Adobe Audition Screenshot

What I learned: being told “you have a nice voice” isn’t enough!

If having the equipment is all that’s needed for success then I’m set.  HOWEVER… there is a special skill to doing commercials, audiobooks, voicemail greetings, etc., and hopefully I’ll put what I’ve learned to good use.  Vince did a good job of not only training us in the actual work of voice-overs, but he also covered the  business side of it as well.  The class was fun, with lots of good people in it, and all of them with incredible talent.  I fully expect to hear them on the radio or TV soon.

Among the many post-graduate tasks on my list is setting up a web site strictly for VO business purpose.   That won’t be a separate blog, strictly business.  My voice-over adventures will still be chronicled here, as it’s all part of my personal renaissance.

That’s my number two task, number one being getting my first demo clip out to the world ASAP.  There are many networks to utilize, including friends as well as the voice-over internet sites. Since I’ve already established a  web presence here, I’m adding my voiceover demo.  CHECK OUT MY DEMO IN THE SIDEBAR ——->>>

According to one of the web sites, the “official” spelling is now recognized as voice-over.  Right now the spelling is all over the place – voiceover, voice over, voice-over, VoiceOver, Voice-Over, etc.  So now it’s supposedly settled, per the good and wise folks who update the various dictionaries out there.

So here we are.  My next set of writing classes starts next week.  One of the courses I’ve really wanted to take, Freelance Writing, is up on Monday.  Having done the magazine stint a long time ago is still a pleasant memory and another current goal, so let’s see what happens!!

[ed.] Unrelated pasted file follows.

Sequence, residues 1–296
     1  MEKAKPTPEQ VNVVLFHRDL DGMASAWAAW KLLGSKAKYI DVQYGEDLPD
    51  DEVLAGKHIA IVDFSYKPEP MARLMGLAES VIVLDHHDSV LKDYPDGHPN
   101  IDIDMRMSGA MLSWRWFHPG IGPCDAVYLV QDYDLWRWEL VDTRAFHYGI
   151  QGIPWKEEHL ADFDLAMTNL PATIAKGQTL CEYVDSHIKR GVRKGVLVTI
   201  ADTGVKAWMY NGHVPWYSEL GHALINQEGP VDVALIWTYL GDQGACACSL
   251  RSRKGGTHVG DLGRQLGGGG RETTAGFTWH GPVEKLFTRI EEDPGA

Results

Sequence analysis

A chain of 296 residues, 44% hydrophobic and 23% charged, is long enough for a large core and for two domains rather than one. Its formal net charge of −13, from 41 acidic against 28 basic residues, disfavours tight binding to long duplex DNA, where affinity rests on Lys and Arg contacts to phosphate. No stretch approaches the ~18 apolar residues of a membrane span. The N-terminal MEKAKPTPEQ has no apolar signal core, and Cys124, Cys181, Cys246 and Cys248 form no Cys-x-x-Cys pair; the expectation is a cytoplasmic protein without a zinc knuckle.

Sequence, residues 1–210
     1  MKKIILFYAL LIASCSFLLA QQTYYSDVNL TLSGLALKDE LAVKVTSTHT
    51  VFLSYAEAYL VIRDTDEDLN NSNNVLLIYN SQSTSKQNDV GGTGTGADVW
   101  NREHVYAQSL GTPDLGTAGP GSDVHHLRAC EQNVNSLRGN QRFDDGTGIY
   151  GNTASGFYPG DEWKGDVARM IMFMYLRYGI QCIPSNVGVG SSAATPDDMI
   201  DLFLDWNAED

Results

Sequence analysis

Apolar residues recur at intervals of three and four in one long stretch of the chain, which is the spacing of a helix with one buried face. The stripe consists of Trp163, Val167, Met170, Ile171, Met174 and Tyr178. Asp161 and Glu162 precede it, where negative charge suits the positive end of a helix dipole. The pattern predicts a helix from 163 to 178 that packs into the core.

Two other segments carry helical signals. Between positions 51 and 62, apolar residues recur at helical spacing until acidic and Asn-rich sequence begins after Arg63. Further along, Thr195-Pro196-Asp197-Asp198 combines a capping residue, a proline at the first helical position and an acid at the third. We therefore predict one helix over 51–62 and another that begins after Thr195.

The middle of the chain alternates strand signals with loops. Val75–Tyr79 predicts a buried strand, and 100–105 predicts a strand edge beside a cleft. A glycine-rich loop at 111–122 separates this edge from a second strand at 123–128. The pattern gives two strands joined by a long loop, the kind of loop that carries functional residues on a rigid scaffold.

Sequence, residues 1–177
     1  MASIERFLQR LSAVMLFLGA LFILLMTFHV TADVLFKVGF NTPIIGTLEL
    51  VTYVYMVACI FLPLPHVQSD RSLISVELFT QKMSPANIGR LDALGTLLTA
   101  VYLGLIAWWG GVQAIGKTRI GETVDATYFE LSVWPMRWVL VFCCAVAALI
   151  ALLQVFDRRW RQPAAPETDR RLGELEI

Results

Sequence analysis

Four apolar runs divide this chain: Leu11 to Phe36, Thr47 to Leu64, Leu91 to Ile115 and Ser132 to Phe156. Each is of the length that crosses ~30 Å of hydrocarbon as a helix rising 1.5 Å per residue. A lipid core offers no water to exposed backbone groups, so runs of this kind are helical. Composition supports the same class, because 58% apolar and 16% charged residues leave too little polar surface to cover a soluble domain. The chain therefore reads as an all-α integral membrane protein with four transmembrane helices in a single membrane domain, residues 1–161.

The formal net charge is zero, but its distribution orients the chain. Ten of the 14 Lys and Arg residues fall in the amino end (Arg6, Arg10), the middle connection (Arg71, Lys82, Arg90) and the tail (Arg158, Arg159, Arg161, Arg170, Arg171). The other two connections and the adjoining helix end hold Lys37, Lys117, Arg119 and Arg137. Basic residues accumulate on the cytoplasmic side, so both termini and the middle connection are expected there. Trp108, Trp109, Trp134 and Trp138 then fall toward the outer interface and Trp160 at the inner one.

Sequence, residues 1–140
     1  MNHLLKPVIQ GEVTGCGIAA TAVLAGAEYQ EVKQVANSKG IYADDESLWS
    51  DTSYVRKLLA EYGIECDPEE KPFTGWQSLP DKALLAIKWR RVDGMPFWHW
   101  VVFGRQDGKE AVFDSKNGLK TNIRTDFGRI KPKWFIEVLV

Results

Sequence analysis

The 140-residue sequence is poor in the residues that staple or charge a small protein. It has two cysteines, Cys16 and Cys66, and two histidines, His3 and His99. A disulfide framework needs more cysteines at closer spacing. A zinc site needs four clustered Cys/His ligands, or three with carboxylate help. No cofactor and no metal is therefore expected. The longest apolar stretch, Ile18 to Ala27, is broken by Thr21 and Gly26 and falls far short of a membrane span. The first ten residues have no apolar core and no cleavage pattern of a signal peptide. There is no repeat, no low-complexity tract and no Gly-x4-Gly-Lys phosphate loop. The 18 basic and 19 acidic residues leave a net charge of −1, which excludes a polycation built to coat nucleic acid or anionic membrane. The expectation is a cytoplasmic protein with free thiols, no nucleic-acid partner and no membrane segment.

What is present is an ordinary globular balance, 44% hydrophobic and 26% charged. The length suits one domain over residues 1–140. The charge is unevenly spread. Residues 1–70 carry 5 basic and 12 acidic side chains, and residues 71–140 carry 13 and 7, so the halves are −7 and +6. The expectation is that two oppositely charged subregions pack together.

“So Dennis, what did you learn in school today?” Episode 2

Two Classes Down

Creative writing class-fine arts center (40269...

“Praise De Lawd!”

The journey continues.  I have just completed the 2nd course of my Certificate  in Creative Writing program: Introduction to Creative Nonfiction, or CNF if you please.

Much praise goes out to the instructor.  I think she did an excellent job, especially in dealing with my whining about the nature of the stories we had to read. I originally was going rate the course an A-, with points taken off for the nature of the stories.  Honestly, some of them were just plain depressing. Visits to graveyards.  Abortions.  Observations on an organ donor’s dead body being kept “alive” while prepping the parts for removal. Unwanted pregnancies. Loved ones dying of cancer.  A teen swimmer drowning. Loved ones dying of Aids. I think it was the third class where I asked her if it was ok if we just read essays by Poe for the rest of the course.

Now I admit, I am unfair here, because I penalized the course for  the negative.  I guess that’s because it seemed like I was reading one “downer” story after another.  Did anybody live happily ever after?    At first I felt  that the ten percent “bummer”  stories stole something from the total enjoyment, and that bothered me.  No A+ from my red pencil. I’m a predominantly positive person, so reading those stories really left me feeling kind of bummed out.  However, I also gained some knowledge about this form of writing, and gained a bit more knowledge of the writing style that’s closer to my heart  as well… as undeveloped as my style  is!  Also, my instructor correctly pointed me to look beyond the content and detect the structure.  But an even more compelling reason to give it my full A rating is that it’s totally unfair and absolutely wrong of me to brush off someone else’s pain and sadness.  This genre contains stories that are open wounds laid out for public consumption, and the authors should at least get an encouraging pat on the back.  Key word here: nonfiction.  Real pain.  Real suffering.  Real impact on the authors’ life.  Life is not always happily ever after.

On the other hand, the 90% was GREAT!!!  My concentration is in Creative Nonfiction Writing.  So, exactly what is this form of writing?  Lots of definitions given by lots of writers and critics, often in lengthy, no make that very lengthy  discourse.  Allow me to give my version, in shorter form.

“My Humble Attempt to Define Creative Nonfiction”